“Activia has contributed approximately 60 percent of the growth that has taken place in the yogurt category in the last year,” says Gail Barnes, vice president, fluid innovation, Dairy Management Inc. (DMI), Rosemont, Ill. “I don’t think I’ve ever seen a food product that has so quickly become such a runaway success.”
While Barnes believes strongly that a drinkable version of Activia would take America by storm, Dannon chief marketing officer Andreas Ostermayr says the company has no current plans to bring that particular variety of Activia to the United States. Just one year after the U.S. rollout of Activia, however, Dannon did launch a light version of the product in early 2007.
In recent months, Dannon saw rival Yoplait enter the digestive health segment with the introduction of Yo-Plus, which is also designed to promote regularity. While Ostermayr is adamant that Dannon is not concerned about the competition, Yoplait associate marketing manager Derek Herbst says there are some similarities between the two products.  “Yo-Plus does provide the same benefits as Activia, so in that sense, you could say they’re going head to head” Herbst says. “However, there are a lot of things unique to Yo-Plus, such as the Optibalance ingredient, which is a combination of probiotic cultures and prebiotic fiber. That’s something you won’t find elsewhere.”
Dannon, meanwhile, has rolled out more new products with added benefits. DanActive, for example, is a probiotic drink containing proprietary bacteria called L. casei Immunitas, which was specifically developed to help boost the immune system. “This is another big step into the direction of products with functional benefits,” Ostermayr says. “We have high hopes that DanActive will be the next blockbuster for us.”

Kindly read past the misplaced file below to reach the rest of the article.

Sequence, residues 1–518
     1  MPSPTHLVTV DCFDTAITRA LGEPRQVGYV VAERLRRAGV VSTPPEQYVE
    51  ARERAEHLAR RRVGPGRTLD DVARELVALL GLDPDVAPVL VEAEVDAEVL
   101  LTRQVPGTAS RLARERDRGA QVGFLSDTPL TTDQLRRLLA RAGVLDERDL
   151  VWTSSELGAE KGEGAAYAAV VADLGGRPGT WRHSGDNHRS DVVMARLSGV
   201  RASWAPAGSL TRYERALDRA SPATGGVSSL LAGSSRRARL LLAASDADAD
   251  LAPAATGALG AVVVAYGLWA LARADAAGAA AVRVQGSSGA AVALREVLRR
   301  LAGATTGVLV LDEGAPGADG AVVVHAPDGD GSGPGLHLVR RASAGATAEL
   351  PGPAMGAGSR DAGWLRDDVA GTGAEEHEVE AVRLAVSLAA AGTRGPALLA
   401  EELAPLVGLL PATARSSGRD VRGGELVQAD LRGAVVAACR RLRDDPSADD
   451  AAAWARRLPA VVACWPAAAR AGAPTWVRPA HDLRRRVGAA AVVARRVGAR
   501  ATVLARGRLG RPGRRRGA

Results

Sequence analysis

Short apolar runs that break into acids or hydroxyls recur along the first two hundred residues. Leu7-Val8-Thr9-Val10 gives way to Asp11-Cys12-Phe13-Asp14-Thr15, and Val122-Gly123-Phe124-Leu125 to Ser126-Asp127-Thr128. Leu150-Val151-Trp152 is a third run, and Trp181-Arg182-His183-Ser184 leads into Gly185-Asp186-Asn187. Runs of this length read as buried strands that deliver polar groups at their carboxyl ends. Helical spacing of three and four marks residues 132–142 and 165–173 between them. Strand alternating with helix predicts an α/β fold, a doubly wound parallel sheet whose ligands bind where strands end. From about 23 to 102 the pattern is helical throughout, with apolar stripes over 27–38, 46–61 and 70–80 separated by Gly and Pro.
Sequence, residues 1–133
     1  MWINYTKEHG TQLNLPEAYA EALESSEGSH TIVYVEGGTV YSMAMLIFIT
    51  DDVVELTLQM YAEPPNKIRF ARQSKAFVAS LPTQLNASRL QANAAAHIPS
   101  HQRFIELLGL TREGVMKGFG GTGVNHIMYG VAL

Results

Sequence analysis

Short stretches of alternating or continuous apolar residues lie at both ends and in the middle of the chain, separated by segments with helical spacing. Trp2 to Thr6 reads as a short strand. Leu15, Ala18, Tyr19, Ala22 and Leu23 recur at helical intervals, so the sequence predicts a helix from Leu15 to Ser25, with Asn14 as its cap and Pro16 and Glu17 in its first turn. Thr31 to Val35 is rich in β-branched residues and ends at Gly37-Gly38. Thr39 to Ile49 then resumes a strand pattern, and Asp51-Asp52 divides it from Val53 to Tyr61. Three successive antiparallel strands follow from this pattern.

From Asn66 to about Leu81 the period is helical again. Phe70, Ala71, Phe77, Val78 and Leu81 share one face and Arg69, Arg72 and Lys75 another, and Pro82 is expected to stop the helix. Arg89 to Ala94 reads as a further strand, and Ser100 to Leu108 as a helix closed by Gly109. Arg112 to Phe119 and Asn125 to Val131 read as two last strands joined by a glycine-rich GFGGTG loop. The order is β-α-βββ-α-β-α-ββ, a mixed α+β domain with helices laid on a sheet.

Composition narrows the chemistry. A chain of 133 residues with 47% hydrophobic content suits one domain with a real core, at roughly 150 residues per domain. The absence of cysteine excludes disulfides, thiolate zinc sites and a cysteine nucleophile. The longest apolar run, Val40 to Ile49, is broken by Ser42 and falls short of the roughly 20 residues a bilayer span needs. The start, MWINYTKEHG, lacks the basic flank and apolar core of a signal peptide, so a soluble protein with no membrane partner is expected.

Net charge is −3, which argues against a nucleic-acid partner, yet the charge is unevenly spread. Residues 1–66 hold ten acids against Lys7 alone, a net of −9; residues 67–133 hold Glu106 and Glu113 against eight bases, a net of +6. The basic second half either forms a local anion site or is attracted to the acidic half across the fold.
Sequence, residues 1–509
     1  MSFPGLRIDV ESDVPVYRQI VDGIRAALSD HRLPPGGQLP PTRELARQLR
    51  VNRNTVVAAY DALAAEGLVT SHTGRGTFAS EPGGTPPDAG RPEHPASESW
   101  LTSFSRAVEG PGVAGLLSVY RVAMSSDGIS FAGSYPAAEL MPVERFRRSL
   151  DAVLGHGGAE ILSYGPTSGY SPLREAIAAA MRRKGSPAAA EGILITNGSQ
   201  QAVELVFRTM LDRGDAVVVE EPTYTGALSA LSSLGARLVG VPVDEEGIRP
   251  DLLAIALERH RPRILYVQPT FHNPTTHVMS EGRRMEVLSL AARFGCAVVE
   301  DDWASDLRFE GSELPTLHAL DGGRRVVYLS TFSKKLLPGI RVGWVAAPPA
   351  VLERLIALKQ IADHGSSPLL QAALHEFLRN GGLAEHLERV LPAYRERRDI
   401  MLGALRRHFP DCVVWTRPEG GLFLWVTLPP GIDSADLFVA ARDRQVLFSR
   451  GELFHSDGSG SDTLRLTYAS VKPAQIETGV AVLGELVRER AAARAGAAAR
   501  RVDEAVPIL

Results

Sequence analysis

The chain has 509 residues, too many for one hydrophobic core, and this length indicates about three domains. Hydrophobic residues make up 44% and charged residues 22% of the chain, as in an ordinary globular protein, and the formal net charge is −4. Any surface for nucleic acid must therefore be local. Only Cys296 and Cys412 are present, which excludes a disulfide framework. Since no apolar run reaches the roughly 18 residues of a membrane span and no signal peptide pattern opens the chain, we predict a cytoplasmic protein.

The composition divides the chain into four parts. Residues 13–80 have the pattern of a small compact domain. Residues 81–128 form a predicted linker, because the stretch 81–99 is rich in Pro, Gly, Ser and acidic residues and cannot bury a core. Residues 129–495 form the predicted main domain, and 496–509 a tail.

Dannon also recently boosted the healthfulness of its Danimals line of drinkable yogurt, adding the probiotic culture Lactobacillus GG (LGG), which has been scientifically proven to aid in gastrointestinal function, immune function, and maintenance of oral health in children.
Danimals also now has 25 percent less sugar. Reduced sugar seems to be the name of the game for kids’ yogurts these days. Yoplait’s new Kids Yogurt Drink not only contains omega-3 DHA, it also has 25 percent less sugar than other kids’ yogurts. Stonyfield also recently reduced the sugar in all of its kids’ yogurts. According to Hirshberg, the move came in direct response to consumer requests.
Wells Dairy recently transitioned its Blue Bunny Lite 85 line to Blue Bunny Light No Sugar Added. According to Baumgartner, the name change is intended to help consumers quickly recognize the product’s key attribute: no added sugar. Wells has also added several new product lines to its arsenal of better-for-you yogurts; they include Blue Bunny Light Yogurt and Light Omega 3.
“By nature, consumers think of yogurt as a better-for-you product,” Baumgartner says. “If we can continue to raise the bar on health and wellness, consumers have shown that they are willing to jump in with both feet and try the new benefits.”
WhiteWave Foods, a subsidiary of Dallas-based Dean Foods Co., recently introduced Rachel’s Wickedly Delicious Yogurt, boasting a vegetarian form of DHA omega-3. Likewise, Breyers Yogurt just released Smart! yogurt, a line of fruit-on-the-bottom yogurt enhanced with life’sDHA, also a vegetarian source of DHA omega-3. Said to be Breyers “most ambitious and health-focused product to date,” Smart! is available in strawberry, blueberry, mixed berry, peach, black cherry, red raspberry, pineapple and strawberry-banana varieties.